And really, what comes out the other end is kind of this mix of, you know, multi-disciplinary thinking and, you know, a solution that as pretty, you know, thoughtfully created. And, you know, they've been quite, you know, received very well and and we've been pretty successful at that.
Now it's mentioned less than a year of kind of collaboration and and expertise, and you're kind of moving in this direction. But you know what we've been able to do in the last six months in particular has been pretty phenomenal and we're excited about where it goes.
And it really is kind of an interesting overlap between, you know, subject matter expertise, technical skills, you know, legal, you know, business and domain expertise to try to create things that move the needle. And I think, you know, kudos to the firm for kind of seeing the plane space the way it has and essentially all the different units to come together. And obviously, you know, we're telling the story between, you know, my team and tennis team primarily, but the same thing exists for all the different subgroups of our innovation department. How a collaborative work on things that, you know, drive value for the firm.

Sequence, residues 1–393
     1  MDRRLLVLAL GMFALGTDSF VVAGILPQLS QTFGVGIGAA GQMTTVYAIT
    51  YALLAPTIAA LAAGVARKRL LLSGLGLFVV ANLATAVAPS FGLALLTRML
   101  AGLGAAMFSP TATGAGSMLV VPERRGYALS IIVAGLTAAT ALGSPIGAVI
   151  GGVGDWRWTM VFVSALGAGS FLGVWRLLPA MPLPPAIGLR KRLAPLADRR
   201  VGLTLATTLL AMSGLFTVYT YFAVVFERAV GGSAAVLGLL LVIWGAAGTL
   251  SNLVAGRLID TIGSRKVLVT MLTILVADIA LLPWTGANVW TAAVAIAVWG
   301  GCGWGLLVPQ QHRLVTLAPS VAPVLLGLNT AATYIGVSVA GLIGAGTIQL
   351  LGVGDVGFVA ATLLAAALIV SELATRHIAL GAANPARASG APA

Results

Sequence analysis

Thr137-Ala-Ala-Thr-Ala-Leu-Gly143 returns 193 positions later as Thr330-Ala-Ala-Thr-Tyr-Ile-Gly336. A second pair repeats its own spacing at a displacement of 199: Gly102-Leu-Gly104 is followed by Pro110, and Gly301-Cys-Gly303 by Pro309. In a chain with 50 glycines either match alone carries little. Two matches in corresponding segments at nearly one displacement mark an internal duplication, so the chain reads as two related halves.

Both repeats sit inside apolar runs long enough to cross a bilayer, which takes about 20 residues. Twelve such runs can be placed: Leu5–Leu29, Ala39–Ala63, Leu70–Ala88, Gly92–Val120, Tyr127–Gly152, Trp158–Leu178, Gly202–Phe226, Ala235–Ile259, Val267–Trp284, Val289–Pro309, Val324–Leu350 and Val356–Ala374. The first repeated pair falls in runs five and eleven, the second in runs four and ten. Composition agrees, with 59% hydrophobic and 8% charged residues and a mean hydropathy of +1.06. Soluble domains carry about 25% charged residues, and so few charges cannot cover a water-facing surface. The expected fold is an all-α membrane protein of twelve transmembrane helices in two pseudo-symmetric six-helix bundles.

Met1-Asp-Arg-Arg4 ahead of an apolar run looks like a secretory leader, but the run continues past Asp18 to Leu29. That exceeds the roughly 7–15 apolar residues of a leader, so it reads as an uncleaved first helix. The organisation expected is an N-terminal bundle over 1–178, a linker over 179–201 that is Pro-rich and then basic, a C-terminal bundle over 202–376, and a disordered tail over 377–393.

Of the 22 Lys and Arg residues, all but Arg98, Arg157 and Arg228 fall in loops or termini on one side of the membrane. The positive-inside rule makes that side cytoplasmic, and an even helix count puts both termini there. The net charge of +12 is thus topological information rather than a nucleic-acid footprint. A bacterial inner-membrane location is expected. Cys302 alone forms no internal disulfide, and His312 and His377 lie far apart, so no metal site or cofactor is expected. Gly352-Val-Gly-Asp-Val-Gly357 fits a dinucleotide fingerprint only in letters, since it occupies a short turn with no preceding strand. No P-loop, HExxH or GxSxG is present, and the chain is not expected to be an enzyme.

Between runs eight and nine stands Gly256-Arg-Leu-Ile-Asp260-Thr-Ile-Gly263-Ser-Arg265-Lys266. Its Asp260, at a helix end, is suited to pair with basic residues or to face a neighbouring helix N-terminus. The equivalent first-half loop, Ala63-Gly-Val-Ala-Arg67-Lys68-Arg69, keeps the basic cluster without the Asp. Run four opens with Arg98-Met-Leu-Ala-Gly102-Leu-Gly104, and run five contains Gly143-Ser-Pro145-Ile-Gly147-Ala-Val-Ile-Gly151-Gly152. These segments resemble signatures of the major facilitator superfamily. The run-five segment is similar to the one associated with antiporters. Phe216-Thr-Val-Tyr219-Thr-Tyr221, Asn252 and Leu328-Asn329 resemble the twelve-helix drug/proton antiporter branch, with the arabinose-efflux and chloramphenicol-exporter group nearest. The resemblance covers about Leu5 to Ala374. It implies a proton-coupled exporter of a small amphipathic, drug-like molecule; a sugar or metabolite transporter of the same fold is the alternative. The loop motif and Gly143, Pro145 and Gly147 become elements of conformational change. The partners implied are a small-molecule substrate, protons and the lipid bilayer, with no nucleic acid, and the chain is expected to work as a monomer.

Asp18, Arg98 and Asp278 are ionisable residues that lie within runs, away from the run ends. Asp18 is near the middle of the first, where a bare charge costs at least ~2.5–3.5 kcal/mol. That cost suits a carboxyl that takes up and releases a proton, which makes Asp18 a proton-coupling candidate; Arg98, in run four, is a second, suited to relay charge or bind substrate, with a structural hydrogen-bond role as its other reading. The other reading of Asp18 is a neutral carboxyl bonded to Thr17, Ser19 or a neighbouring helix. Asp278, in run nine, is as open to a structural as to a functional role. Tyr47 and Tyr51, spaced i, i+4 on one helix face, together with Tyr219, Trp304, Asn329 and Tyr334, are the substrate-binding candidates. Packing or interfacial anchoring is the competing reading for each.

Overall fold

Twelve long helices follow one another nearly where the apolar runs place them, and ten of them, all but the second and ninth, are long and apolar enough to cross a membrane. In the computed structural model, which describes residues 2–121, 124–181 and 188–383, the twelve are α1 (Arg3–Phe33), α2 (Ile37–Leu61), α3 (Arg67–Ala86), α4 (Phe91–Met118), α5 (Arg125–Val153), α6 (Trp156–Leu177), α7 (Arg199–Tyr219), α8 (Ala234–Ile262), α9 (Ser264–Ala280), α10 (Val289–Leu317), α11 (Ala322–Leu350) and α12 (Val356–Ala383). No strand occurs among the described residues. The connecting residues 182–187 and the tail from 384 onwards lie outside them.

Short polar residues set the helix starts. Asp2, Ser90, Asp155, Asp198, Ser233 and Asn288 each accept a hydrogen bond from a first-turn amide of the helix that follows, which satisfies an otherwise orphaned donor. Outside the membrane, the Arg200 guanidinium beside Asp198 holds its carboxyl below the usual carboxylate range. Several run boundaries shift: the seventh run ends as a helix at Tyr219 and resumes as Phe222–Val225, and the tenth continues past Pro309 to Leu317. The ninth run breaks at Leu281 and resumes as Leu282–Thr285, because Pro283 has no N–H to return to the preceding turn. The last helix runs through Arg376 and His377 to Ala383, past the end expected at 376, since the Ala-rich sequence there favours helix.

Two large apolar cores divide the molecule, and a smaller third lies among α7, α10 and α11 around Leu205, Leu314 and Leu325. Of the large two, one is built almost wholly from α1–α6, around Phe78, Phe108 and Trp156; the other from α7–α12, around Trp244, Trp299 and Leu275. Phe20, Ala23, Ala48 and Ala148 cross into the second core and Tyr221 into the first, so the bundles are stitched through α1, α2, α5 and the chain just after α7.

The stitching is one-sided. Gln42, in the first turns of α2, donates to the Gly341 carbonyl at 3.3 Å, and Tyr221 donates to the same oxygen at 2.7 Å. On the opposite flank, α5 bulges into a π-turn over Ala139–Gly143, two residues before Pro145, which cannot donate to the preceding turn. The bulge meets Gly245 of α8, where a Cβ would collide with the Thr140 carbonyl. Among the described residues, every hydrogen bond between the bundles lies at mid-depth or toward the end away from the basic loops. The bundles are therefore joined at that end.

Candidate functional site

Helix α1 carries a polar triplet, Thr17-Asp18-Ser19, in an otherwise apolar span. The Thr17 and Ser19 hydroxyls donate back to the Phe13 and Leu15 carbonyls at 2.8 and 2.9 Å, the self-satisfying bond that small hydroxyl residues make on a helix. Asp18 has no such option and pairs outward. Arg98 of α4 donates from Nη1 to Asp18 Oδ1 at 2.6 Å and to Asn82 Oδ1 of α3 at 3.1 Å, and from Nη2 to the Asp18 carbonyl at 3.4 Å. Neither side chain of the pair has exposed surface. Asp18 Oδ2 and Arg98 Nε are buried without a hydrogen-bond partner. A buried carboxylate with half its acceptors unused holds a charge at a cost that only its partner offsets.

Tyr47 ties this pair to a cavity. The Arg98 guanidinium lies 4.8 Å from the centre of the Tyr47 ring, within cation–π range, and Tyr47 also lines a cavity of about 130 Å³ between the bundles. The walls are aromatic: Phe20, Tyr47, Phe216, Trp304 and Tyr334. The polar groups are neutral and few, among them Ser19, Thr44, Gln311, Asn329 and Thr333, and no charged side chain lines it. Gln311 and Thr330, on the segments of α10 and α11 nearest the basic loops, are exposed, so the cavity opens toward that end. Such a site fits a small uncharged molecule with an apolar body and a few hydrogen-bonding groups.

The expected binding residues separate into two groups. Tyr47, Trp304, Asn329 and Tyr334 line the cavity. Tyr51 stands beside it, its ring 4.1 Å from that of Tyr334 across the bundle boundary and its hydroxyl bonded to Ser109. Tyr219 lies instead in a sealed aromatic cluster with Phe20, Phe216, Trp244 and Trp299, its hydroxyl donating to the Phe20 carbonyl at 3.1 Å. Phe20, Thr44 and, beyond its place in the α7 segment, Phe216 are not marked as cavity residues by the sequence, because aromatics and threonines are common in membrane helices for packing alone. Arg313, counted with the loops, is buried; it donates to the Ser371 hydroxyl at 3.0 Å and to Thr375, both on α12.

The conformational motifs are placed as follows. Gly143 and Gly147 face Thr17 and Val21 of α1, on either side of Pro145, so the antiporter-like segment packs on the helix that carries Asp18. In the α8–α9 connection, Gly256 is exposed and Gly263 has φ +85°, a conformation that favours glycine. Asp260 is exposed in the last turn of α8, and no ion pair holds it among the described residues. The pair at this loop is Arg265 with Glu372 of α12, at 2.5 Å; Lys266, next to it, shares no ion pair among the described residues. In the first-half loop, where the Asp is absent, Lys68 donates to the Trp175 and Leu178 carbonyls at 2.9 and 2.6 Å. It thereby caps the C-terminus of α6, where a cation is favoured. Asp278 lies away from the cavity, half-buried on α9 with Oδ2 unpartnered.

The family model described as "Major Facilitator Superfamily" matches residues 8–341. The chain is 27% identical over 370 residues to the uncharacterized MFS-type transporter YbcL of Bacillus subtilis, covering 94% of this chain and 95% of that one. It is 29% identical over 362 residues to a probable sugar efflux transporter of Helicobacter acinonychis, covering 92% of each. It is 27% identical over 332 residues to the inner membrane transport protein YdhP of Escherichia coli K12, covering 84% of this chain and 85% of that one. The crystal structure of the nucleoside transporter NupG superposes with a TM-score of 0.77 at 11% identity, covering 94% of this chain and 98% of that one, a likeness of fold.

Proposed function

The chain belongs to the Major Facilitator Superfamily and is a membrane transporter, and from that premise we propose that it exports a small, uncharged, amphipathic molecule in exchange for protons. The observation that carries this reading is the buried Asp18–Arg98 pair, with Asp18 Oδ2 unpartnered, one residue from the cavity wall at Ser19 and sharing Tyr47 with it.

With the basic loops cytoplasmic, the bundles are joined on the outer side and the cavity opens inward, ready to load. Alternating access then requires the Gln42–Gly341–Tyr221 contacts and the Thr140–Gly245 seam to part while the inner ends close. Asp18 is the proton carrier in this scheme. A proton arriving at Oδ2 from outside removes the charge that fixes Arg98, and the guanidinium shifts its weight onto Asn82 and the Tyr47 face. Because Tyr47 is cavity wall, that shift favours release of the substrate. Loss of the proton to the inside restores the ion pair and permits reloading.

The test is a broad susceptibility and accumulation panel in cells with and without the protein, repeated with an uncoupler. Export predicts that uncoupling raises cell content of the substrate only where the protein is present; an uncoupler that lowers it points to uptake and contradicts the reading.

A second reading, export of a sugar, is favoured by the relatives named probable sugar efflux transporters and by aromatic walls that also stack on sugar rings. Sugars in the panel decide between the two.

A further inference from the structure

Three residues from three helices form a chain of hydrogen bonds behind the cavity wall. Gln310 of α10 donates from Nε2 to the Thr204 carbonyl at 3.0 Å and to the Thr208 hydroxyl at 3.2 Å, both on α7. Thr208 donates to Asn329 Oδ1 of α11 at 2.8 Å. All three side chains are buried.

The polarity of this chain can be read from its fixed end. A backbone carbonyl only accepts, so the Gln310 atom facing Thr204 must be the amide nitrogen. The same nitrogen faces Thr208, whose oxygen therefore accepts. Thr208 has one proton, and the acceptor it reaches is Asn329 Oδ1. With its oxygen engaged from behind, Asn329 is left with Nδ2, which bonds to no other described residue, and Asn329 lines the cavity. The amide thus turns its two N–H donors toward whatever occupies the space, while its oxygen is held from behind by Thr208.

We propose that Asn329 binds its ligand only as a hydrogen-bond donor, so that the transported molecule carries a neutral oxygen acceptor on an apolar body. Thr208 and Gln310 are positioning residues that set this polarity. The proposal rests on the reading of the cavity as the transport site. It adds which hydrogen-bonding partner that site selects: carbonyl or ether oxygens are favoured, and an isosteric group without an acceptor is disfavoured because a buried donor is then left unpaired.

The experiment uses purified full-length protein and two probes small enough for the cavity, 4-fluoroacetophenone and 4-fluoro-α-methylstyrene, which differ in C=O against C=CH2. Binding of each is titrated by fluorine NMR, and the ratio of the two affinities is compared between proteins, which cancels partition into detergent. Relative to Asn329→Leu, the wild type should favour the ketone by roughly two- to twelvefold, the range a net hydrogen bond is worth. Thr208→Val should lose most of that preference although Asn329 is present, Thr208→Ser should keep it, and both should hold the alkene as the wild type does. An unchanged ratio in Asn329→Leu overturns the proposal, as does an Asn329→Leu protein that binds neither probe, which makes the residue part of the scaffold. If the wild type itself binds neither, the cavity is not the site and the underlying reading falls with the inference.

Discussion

Hmm. Yeah, it was really a great investment in terms of, you know, especially in data and helping serve your clients. So our title today talks about a single source of truth. And, you know, I think we all have to be willing to disrupt ourselves. So from your perspectives, what does that even mean? And is that even the right goal, right? Maybe, maybe it's not.
Well, it's interesting. before this commission Tenisha actually tried to make notes on what does that mean? Because I think actually coming into even that title mission, I would look at it through slightly different ends of the telescope and actually may be worthwhile to answer for you to kind of describe, you know, when you think about single source and you know what that means for, you know, a team at your team as a proxy for our older population, like what it was that was that signal. And then I'll come to my own. My take was a little bit different.